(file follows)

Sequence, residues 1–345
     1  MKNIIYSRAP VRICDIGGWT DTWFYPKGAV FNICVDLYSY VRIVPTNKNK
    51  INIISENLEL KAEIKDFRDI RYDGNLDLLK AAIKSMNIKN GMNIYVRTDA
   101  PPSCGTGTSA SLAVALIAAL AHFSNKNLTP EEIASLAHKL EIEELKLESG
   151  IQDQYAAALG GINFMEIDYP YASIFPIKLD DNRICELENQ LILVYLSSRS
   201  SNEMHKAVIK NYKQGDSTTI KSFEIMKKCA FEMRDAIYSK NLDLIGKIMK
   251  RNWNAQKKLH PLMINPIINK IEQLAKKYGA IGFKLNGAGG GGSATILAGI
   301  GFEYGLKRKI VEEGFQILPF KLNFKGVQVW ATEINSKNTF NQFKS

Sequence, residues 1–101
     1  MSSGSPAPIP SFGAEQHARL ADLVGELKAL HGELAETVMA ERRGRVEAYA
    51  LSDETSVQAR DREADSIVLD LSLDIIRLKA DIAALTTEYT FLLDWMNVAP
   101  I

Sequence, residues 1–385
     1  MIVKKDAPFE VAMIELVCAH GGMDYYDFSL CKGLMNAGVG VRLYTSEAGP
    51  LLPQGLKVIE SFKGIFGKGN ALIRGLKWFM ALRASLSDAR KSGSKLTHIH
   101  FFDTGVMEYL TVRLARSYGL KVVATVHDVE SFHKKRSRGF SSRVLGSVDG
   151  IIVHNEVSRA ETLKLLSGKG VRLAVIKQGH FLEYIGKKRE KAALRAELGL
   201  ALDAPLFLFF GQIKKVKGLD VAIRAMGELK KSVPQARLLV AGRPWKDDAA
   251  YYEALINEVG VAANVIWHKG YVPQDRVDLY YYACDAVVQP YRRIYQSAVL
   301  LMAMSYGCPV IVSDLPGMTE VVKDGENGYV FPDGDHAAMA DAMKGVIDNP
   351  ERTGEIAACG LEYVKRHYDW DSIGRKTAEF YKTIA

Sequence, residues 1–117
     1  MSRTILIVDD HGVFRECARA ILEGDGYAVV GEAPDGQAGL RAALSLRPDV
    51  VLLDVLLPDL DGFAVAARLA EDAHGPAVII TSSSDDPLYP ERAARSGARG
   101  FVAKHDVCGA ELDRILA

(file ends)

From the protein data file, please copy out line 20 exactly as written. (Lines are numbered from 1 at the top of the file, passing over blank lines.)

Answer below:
   301  LMAMSYGCPV IVSDLPGMTE VVKDGENGYV FPDGDHAAMA DAMKGVIDNP